Josh Wilson – Glendale Student Pastor
Working hard. It’s a phrase we hear a lot. We tell students to work hard in school, are expected as employees to work hard every day, and most everyone would agree that it’s always better to work hard. I would like to say that I’m a person that works hard, but there is a natural question that follows this phrase: what does it mean to work hard?
Often in life we find ourselves working hard for various reasons. We work hard to get good grades, to get the promotion at work, or to get ahead of someone else. We work hard for a lot of reasons, but at what point does normal work transition over to hard work?
We can all come up with a definition, but there is only one that I think sets the standard of hard work and that comes from the Bible. Take a look at Colossians 3:23-24:
“Whatever you do, work at it with all your heart, as working for the Lord, not for human masters, since you know that you will receive an inheritance from the Lord as a reward. It is the Lord Christ you are serving.”
This verse is a real gut check. The worlds standard of working hard is all about getting ahead of the next person or doing just enough to receive additional praise from others. Paul sets a new standard when he explains that to work hard means to do something with all your heart for God’s glory alone.
I encourage you, in whatever stage of life you find yourself in, to think about those two things. First, what would it take for you to say that you did something with all your heart? If I’m honest, very rarely do I do things will all of my heart. There is always a sense that I could have done more or I could have gone one step forward. Instead, we must be people that do not strive to hit the world’s standard of effort, but God’s.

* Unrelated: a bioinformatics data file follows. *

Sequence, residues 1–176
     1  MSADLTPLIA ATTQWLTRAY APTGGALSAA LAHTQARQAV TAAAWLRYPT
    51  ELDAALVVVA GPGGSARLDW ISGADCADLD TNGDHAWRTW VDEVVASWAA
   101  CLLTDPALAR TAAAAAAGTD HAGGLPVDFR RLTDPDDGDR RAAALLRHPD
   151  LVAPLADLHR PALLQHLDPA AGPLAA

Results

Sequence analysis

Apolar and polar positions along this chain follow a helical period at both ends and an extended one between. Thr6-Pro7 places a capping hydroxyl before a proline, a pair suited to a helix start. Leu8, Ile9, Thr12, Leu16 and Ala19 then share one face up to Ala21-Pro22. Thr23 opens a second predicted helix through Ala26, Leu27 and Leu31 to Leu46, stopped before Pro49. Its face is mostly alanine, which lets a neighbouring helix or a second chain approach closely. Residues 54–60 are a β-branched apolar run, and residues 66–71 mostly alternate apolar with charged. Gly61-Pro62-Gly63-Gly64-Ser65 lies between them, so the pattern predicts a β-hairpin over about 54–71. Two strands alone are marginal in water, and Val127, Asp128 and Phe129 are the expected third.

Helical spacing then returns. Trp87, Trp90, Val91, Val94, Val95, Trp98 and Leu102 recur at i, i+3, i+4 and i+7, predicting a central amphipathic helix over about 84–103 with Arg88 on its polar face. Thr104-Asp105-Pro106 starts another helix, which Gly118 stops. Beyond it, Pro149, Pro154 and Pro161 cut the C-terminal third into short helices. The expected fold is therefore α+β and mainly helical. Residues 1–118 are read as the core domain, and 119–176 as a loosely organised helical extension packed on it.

Second question to ponder, am I willing to do everything fully for God’s glory? The American way is that we should only invest our time and energy if we personally gain a reward or praise for doing it. But Jesus explains that when we come under his plan, we die to ourselves; meaning we die to our plans, desires, and our personal glory. Instead, God wants us to do everything for His glory so that He will be praised and honored, not us.
These are two difficult tasks to complete, but if we as Christians do everything with our full hearts for God’s glory it will not only change and better our lives, but it will also show the world what we’re really about; doing everything for Christ alone. Let this prayer be always on our hearts:
“Worthy are you, our Lord and God, to receive glory and honor and power, for you created all things, and by your will they exist and were created.” Revelation 4:11